Alcohol might contribute to stroke in several ways: induction of cardiac arrhythmias and cardiac wall motion abnormalities which predispose to cerebral embolism, induction of hypertension, enhancement of platelet aggregation and activation of the clotting cascade, and reduction of cerebral blood flow by stimulation of cerebral vascular smooth muscle contraction or by altering cerebral metabolism. While these pathophysiological mechanisms have gained enthusiastic experimental and theoretical support, the findings are preliminary and will require further large-scale clinical and epidemiological analyses to substantiate their roles as causal factors or potentiators of stroke. Documentation of measurable platelet and coagulation cascade abnormalities reported in healthy volunteers who have ingested alcohol will need to be confirmed on a broader scale in stroke patients with recent ethanol consumption. The risk of stroke in those with alcohol-induced atrial fibrillation and cardiomyopathy must be ascertained for the general population. While the experimental evidence is exciting and provocative, epidemiological evidence also suggests a link between alcohol consumption and stroke. Regular alcohol ingestion is associated with hypertension, fatal and nonfatal intracranial hemorrhage, cerebral infarction, and increased risk of death from stroke. Recent, less stringently controlled studies suggest that alcohol consumption is a risk factor for cerebral infarction in young adults with occasional ethanol intoxication and middle-aged women and young men with occasional alcohol intoxication and regular heavy drinking. Alcohol may also be a risk factor for subarachnoid hemorrhage.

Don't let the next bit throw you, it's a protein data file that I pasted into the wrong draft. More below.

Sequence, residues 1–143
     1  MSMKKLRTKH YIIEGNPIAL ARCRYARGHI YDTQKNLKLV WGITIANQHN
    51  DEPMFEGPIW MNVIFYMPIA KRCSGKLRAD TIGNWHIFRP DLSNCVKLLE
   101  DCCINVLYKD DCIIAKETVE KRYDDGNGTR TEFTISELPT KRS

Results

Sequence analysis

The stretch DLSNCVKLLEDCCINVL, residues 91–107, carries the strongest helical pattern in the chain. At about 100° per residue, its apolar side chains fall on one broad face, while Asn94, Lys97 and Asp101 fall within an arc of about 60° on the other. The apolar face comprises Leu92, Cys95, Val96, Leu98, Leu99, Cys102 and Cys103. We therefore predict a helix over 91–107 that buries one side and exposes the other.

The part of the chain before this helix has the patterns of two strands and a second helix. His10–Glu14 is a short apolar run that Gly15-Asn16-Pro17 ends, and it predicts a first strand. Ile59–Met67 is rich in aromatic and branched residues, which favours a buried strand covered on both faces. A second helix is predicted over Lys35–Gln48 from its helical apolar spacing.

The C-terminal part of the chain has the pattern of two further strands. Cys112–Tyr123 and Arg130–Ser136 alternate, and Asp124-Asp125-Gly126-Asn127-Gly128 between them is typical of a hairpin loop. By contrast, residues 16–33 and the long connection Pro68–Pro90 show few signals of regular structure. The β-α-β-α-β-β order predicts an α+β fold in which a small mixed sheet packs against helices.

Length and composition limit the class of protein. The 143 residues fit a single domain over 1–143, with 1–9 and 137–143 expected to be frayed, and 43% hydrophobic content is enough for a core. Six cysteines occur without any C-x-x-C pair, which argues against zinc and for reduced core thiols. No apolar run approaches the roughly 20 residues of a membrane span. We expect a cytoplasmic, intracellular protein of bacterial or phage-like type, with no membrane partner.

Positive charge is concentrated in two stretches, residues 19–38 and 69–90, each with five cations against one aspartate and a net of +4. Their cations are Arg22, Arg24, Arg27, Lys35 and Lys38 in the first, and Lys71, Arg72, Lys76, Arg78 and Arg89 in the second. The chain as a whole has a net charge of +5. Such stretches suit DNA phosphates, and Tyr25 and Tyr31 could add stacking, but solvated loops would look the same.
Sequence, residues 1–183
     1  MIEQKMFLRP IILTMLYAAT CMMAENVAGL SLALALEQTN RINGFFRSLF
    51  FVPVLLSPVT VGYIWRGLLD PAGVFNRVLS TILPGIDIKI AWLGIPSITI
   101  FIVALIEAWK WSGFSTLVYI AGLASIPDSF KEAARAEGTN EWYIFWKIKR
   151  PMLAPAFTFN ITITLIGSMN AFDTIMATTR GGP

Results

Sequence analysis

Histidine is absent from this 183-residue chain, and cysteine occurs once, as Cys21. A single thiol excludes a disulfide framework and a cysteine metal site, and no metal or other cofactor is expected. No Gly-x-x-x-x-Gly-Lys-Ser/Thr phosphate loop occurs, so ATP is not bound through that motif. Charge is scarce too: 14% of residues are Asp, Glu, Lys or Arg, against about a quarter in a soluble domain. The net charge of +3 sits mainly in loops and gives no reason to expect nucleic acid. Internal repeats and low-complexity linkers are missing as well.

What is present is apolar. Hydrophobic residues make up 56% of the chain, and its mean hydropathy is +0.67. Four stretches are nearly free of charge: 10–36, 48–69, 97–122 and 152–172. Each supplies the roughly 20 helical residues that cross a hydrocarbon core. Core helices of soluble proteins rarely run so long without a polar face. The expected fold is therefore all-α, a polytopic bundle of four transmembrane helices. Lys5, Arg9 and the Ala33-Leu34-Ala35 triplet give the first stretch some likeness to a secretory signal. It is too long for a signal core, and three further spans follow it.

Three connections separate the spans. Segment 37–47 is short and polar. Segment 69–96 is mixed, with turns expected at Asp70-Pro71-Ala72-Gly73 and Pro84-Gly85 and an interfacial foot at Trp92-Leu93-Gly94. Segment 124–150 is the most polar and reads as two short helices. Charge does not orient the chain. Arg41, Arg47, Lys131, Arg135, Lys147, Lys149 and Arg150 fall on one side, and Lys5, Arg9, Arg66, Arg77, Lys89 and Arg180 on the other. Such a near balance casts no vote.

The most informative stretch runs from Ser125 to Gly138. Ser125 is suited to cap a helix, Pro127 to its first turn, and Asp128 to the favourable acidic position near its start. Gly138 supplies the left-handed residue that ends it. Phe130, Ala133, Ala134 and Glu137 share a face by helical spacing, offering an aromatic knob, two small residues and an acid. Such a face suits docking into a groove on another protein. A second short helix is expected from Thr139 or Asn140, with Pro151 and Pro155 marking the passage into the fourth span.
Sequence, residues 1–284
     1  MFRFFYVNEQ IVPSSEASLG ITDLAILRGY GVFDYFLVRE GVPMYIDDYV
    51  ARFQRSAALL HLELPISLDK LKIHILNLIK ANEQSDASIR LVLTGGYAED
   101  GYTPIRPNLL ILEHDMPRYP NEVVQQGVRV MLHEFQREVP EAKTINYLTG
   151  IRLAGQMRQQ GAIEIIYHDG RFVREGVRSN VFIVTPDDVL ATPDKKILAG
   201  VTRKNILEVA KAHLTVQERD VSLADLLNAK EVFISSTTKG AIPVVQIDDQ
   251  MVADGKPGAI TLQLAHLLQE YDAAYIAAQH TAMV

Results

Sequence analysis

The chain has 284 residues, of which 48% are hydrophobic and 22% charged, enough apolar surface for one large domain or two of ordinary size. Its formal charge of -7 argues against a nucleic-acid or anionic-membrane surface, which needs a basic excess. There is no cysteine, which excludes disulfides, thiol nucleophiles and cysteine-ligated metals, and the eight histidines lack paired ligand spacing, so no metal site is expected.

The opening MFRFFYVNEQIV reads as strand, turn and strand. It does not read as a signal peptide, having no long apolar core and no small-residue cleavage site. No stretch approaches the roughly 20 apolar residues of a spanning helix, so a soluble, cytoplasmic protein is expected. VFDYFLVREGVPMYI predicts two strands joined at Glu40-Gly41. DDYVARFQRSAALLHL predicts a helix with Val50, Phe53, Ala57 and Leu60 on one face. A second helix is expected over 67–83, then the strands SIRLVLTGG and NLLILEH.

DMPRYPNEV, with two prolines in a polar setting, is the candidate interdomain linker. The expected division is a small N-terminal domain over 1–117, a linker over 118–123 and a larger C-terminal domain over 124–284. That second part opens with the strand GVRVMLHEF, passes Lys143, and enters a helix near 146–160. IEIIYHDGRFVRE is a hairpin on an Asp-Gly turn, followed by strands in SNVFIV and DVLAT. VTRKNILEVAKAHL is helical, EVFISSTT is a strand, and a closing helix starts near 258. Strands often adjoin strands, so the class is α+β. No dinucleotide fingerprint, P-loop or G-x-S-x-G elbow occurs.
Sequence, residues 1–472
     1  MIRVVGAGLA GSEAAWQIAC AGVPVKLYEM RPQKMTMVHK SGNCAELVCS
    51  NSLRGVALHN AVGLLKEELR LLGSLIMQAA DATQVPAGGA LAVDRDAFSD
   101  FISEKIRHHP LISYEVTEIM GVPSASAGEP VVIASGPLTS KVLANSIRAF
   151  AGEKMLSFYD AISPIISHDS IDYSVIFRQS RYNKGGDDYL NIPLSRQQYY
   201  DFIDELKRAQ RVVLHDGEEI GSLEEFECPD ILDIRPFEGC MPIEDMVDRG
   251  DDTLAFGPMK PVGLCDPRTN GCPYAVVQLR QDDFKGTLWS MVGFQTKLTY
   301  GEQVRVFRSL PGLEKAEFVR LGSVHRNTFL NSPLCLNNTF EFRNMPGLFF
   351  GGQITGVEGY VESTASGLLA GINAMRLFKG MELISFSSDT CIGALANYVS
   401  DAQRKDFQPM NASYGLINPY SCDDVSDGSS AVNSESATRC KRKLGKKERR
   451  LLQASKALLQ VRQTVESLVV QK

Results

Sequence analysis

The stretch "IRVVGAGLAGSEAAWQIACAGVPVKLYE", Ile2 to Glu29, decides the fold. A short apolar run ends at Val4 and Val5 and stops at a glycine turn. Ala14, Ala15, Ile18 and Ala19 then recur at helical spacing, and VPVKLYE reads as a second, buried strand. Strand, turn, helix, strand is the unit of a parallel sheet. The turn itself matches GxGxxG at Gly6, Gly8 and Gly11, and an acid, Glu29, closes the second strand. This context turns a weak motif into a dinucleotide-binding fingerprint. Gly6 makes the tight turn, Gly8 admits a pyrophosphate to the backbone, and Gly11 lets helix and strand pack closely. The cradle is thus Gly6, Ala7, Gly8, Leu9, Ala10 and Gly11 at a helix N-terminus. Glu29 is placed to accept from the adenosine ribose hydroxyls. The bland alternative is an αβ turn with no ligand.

- Copyright © 1987 by American Heart Association